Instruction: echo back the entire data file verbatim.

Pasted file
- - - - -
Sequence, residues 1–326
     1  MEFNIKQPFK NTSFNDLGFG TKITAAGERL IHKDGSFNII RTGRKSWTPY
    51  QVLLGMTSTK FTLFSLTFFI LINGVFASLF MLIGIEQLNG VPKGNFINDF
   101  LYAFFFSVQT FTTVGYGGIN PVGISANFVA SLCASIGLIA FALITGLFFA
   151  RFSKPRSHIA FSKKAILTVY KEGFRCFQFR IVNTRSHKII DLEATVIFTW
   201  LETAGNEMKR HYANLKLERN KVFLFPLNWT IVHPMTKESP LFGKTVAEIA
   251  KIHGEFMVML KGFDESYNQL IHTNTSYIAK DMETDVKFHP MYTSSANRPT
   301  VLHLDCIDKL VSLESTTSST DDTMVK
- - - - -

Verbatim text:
Sequence, residues 1–326
     1  MEFNIKQPFK NTSFNDLGFG TKITAAGERL IHKDGSFNII RTGRKSWTPY
    51  QVLLGMTSTK FTLFSLTFFI LINGVFASLF MLIGIEQLNG VPKGNFINDF
   101  LYAFFFSVQT FTTVGYGGIN PVGISANFVA SLCASIGLIA FALITGLFFA
   151  RFSKPRSHIA FSKKAILTVY KEGFRCFQFR IVNTRSHKII DLEATVIFTW
   201  LETAGNEMKR HYANLKLERN KVFLFPLNWT IVHPMTKESP LFGKTVAEIA
   251  KIHGEFMVML KGFDESYNQL IHTNTSYIAK DMETDVKFHP MYTSSANRPT
   301  VLHLDCIDKL VSLESTTSST DDTMVK